Bride to Be

It’s been a while since I last graced my readers with a little fiction on my blog. Prepare yourself.

Today marks the 4th 24 Hour Short Story Contest via WritersWeekly.com that I have participated in thus far. Now, granted, no wins for me yet. To be fair, I’ve only been writing seriously as a fiction writer for 2 years. But, fingers crossed, this might be the winner. Then again, I’m not very fond of this story. Either way, here it is, for your enjoyment (or torture): “Bride to Be”.   It started as a Happily Ever After story…Apparently, I’m not capable of such things…

She continued to whimper, though her tears dried up sometime during the night. As sticky strands of hair burned her eyes, she questioned her use of hairspray just to look good for her girlfriends.
“Stop crying already,” grumbled her maid of honor. “You’ll dehydrate faster.”
Licking her mouth to try to quench her thirst, “I can’t help it, Olivia.”
“Well, if you wanna get out of this, you have to. Here.”
Olivia scooted over to her, handing her a bottle of water.
With her head propped against the windshield of her friend’s bowrider, she rocked her head to look at Olivia, “That’s the last of our water. You drink it.”
“This is your party. You drink it.”
Was my party,” she said as she wept tearless again.
“Drink. You’ll feel better. I’ll be okay.”
“Thanks,” she sniffled a dry sniffle.
The heat played tricks on her mind as she drank the last few sips of water. First it tasted like coffee, then salt water. Her last sip she swore tasted like the tequila they polished off three nights ago.
“And?”
“Tasted like tequila.”
They both flickered smiles as they leaned back against the plexiglass windshield of the boat. Unable to move, her eyes rolled toward Olivia “How is everyone?”
“Gloria’s still breathing.”
Her lip quivered at her friend’s words.
“I covered her with a towel to to keep the sun off her. How do you feel?”
“This is the worst bachelorette party ever.”
They remained quiet for a time. Only the sound of the gentle waves lapping the side of the boat entered their ears. Finally, the bride-to-be spoke, “I thought you said you knew how to drive this thing.”
“I do. Can’t fix it though. How was I to know the engine would cease?”
“No, you’re right. I’m sorry.”
“What time is it?”
“Why do you keep asking?”
“Just do. I heard you can live for like three days without water.”
She felt the boat spin. Opening her eyes, she saw it was her mind playing tricks on her.
“My phone battery died yesterday. Remember?”
“Oh yeah.”
They remained quiet again for a length of time neither could decipher.
“I’m going to check on Gloria,” Olivia said at last. “Stay here.”
“Where am I gonna go?” She lifted her hand in irritation. Flopping it back down onto the hull of the ship stung her knuckles, but had no energy to nurse it.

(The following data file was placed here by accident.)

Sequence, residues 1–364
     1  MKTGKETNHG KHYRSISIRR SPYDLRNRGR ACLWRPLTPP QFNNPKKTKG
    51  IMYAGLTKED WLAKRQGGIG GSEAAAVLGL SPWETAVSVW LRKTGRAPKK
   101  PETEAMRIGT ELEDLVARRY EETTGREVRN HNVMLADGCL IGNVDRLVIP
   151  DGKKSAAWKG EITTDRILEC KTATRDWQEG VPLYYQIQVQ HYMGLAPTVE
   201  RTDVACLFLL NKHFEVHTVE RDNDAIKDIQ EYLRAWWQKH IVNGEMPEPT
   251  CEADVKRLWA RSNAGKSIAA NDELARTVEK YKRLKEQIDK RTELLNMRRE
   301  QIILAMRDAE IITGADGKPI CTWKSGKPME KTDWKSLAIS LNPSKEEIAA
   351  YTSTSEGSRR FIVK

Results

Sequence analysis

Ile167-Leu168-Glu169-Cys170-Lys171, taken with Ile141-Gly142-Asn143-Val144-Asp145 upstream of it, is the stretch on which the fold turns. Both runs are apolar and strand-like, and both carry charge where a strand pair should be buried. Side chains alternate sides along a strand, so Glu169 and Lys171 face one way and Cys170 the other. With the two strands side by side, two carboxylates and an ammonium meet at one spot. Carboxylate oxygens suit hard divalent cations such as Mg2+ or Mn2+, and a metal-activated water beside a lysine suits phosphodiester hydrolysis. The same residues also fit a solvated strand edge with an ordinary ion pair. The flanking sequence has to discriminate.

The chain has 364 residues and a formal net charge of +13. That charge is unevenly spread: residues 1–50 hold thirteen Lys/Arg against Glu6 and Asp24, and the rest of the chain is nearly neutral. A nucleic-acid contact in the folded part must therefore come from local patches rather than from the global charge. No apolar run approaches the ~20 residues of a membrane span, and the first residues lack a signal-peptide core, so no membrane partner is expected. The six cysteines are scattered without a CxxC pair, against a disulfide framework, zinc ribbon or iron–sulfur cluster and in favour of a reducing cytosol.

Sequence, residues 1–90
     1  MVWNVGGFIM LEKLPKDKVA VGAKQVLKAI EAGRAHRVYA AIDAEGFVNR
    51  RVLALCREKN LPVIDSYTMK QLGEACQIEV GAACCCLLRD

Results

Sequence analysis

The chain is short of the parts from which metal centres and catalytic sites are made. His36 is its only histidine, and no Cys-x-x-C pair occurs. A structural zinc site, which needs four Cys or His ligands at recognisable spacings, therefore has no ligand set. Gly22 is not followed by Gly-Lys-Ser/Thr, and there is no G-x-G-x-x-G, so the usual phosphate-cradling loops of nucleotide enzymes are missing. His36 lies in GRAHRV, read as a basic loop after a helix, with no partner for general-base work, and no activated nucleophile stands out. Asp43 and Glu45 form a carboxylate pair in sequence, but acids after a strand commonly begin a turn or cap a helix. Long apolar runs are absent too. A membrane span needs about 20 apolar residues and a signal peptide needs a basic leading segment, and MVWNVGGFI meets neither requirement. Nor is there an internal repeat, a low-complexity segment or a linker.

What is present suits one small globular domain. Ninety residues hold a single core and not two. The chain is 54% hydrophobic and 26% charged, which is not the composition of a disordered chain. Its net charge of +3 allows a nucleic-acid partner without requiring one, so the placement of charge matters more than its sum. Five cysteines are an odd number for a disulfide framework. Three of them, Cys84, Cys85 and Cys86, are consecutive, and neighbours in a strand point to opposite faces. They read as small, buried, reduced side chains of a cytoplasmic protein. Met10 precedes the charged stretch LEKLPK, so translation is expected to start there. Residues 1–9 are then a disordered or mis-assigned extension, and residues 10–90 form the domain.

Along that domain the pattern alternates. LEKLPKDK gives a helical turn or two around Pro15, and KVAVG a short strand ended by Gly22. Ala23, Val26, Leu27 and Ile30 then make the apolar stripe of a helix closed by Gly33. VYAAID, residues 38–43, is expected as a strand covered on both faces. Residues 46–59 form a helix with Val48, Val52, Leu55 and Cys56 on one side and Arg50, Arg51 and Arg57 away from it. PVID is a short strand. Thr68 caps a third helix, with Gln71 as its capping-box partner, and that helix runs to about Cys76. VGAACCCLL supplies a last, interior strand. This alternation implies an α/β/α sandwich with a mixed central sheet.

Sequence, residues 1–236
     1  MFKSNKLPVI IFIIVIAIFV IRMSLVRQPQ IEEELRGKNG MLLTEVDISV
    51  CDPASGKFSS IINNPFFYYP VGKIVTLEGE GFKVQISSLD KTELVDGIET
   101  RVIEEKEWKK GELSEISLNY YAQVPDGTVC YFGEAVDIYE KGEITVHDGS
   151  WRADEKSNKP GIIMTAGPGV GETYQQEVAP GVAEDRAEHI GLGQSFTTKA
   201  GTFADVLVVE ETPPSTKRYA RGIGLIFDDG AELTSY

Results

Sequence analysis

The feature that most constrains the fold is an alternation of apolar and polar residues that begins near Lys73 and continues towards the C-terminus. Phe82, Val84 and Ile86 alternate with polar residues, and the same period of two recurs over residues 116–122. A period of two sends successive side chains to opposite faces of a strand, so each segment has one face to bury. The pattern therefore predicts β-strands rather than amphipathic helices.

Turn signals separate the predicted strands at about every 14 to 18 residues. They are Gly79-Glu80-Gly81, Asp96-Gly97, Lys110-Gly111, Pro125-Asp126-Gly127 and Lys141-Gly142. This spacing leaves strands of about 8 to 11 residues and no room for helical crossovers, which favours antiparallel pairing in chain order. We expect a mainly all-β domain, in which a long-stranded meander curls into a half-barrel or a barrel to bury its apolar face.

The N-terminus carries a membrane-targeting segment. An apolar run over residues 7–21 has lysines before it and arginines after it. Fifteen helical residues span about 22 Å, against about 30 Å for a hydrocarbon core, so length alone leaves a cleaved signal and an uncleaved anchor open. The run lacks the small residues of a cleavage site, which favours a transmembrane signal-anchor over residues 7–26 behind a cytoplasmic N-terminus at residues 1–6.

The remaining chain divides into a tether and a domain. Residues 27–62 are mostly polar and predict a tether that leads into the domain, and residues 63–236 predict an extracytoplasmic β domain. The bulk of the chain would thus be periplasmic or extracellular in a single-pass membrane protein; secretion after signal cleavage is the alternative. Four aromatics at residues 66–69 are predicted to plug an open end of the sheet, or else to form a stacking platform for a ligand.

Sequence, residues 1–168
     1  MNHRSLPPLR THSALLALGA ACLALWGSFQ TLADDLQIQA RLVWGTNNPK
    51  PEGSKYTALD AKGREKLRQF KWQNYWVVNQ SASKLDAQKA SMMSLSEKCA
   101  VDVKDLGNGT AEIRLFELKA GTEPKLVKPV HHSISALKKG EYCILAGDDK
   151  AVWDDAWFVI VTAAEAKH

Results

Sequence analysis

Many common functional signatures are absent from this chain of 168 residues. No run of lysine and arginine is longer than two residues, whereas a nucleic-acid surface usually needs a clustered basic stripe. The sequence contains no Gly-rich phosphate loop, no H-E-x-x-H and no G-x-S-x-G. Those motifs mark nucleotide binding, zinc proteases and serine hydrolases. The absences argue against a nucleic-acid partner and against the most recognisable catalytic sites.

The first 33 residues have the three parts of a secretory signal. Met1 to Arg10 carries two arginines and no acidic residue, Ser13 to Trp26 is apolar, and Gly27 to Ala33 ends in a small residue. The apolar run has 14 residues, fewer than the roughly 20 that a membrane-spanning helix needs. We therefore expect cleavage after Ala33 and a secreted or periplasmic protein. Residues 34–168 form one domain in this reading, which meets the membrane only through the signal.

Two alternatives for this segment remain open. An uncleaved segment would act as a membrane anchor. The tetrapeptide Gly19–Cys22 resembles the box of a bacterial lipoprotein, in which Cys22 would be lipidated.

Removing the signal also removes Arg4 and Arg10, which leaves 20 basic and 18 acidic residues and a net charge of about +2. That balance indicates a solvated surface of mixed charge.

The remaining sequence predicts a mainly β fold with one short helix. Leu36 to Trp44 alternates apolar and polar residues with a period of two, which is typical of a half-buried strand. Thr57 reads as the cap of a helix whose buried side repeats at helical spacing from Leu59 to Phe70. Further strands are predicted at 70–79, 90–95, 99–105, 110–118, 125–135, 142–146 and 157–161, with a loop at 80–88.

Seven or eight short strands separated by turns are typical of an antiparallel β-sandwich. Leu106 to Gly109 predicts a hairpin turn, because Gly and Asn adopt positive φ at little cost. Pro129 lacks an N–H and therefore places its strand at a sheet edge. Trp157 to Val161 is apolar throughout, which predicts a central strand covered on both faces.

“This really is the worst party ever.”
“Not a chance.” Her friend’s voice sounded muffled and far away.
“Does it look like any of us are having fun?”
“Well, no,” she responded. This time her voice sounded as if it came from inside an old jug. “But hey, its better than Sarah’s bachelorette.”
This can’t be good, the bride-to-be thought. Tunnel vision? Tunnel hearing? Is that even possible? I’m not gonna make it.
“Sarah,” she thought out loud, the boat spinning faster behind her eyelids. “She died at that party.”
“And you haven’t. Ergo…”
“We’re totally bad luck.”
The bride-to-be swore she heard crinkling sounds. Then again, the waves started sounding like people clapping, then people talking. She opened her eyes for clarification that none of this was true. Only blue sky, blue water, her blistered legs, and the bow of the boat. The bare horizon dipped in and out of view over the tip of the boat, her feet fell in and out of focus. Then, while in focus, she saw another boat heading their direction.
“Hey,” she coughed. “Hey, there’s a boat.”
“Thank goodness,” Olivia said as she leapt to her feet. “Where?”
She tried to follow her maid of honor to her feet, but she had no energy left.
Each time the bow dipped low enough to see it, the oncoming boat grew in size. The bride-to-be flickered a smile that cracked and burned. She did not care. They were saved.
“Where were you,” Olivia spat at what turned out to be the groom.
My knight in shining armor.
“I lost track of time. Sorry, beautiful.”
Waves of relief and love flooded through the bride-to-be, giving her energy to look up at her knight and the horse he rode in on. He never looked more handsome. She watched as Olivia hugged him continuing to wonder where she stored all her energy.
“Oh, my love,” the bride-to-be said, “You saved me. You…Wait. What are you doing?”
Certain the sun and lack of water played tricks on her, she shook her head and peered back at Olivia and her knight. Nothing changed. They were still embraced in passionate kissing.
“Stop it,” she croaked, her throat burning, her mind circling.
“Oh shut it,” Olivia barked.
Finally unlatching from each other, he asked, “Where are the other two?”
“They’re dead ‘cause you took so long. Try explaining to Steve why his fiancee is dead.”
“Steve? But Steve was Sarah’s fiancee.” The bride-to-be had no idea what was happening and hoped it was all due to sun exposure.
Olivia smiled, “And Collins here is mine.”
“But, but,” was all she could muster.
“But, but but. Get over it. Come on, sweetie. Let’s leave your bride-to-be here to figure it out for herself.”
“Where are you going? Don’t leave me here.”

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